A sailboat with a crew of two, a childless couple who took us out with them sometimes, me and my brother, motoring out through fluorescent buoys and rowboats at rest, waiting for the lobstermen to make their way back across early morning, the wide spread of sunlight across flat calm like a glass tabletop in the type of store my parents didn’t like to let my brother go in. A kid who crashed, who kept his head down and rammed my shoulder, knocking me onto the dirt road on the way to the bus stop, on a morning I didn’t want to be awake, a morning when I would watch the way the sun fell into the woods—sun on leaves, then birch bark, boulder, moss—and wish I could follow it all day. Tracking light instead of seats on a bus, chalk on a board. Today we were on the ocean, weaving among moorings like I wove floss into bracelets that summer, one end pinned near the knee of my jeans, hands moving, calm despite my brother freewheeling around me. And for an hour he was calm too, leaning back on the deck, looking up at the sails.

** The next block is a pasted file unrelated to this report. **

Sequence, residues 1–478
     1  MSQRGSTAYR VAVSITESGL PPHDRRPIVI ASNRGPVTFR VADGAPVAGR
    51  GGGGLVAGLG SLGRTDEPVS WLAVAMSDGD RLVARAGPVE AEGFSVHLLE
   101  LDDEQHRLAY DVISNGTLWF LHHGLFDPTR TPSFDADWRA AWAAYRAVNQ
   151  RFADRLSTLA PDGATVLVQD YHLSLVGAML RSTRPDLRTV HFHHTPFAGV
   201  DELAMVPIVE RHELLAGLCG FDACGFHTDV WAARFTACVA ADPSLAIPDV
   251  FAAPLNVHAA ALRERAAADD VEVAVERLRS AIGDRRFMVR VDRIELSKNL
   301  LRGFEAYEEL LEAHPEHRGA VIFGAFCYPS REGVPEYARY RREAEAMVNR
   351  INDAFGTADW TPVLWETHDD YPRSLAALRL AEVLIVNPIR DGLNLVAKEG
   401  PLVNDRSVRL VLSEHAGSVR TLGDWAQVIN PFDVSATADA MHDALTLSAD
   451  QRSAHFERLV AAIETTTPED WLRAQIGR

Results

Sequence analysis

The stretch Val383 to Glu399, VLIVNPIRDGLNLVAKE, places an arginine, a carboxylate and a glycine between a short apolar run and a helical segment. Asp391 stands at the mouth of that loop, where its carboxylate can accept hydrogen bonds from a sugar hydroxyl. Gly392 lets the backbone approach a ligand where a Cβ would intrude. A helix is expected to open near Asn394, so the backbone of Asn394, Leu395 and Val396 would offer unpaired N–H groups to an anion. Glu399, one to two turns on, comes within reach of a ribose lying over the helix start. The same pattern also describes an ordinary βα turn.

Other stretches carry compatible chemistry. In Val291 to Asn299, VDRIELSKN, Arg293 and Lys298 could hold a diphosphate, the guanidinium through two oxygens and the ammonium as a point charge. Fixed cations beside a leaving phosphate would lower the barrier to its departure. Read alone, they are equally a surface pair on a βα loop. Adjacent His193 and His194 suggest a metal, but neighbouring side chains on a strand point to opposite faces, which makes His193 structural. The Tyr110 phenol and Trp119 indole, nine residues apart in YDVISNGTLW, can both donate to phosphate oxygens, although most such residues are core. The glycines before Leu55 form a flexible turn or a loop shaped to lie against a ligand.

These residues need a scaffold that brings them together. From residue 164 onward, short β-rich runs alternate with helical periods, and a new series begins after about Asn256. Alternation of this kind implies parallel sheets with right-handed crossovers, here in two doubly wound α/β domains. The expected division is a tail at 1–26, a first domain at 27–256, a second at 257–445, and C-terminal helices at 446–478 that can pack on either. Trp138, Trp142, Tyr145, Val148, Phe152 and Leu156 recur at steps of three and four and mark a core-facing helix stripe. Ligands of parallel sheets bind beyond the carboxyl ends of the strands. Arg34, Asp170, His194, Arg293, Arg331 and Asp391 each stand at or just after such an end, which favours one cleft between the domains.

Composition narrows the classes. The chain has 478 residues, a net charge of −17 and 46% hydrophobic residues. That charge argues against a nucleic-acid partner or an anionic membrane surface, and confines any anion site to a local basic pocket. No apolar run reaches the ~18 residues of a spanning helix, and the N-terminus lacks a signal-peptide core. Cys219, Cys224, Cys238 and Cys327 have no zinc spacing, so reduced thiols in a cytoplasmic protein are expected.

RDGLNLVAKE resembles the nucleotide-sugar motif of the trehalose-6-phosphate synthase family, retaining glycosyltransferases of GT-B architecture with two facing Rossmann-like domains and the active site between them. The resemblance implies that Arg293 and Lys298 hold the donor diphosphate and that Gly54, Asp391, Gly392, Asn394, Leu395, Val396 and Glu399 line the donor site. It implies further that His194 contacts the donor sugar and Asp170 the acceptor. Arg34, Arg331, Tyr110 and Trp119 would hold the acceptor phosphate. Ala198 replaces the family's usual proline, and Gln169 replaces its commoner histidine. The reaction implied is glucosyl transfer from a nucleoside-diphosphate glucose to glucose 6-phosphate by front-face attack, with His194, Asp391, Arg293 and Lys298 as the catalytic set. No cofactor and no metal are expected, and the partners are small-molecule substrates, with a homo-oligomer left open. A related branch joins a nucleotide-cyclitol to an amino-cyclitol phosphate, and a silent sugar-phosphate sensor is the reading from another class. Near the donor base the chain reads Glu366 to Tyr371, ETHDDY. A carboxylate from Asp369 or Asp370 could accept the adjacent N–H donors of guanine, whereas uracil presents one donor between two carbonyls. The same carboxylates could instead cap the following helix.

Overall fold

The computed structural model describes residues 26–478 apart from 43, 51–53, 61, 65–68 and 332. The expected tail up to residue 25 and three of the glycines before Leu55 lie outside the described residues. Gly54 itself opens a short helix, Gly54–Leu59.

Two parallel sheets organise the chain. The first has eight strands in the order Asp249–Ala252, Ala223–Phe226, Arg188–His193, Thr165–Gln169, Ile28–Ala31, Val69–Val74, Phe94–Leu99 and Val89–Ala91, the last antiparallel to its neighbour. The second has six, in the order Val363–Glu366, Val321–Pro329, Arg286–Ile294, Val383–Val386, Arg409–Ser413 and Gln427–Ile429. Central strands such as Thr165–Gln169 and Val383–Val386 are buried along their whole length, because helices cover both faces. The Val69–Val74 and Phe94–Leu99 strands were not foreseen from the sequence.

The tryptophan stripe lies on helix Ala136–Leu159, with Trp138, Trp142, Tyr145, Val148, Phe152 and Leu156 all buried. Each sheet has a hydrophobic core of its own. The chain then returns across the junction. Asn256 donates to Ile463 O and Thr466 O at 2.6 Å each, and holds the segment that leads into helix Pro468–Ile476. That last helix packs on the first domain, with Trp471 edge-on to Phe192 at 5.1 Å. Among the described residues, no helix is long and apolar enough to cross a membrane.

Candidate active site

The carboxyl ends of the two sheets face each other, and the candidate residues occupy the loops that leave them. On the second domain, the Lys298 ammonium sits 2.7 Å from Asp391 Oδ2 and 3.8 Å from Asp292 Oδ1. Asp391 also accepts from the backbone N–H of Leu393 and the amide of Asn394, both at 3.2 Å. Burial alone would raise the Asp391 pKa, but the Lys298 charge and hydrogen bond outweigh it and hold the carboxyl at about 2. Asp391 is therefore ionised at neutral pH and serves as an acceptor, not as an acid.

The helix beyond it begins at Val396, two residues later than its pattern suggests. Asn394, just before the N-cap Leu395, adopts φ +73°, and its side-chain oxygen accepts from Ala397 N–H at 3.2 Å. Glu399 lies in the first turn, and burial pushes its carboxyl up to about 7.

Elizabeth Thorpe’s short stories and excerpts from her novel-in-progress have appeared in Per Contra, Painted Bride Quarterly, Stolen Island Review, and The Maine Review, among others. She teaches Freshman Writing at Drexel University and Creative Writing in the University of the Arts Pre-College program. She earned her MFA in Writing from Goddard College.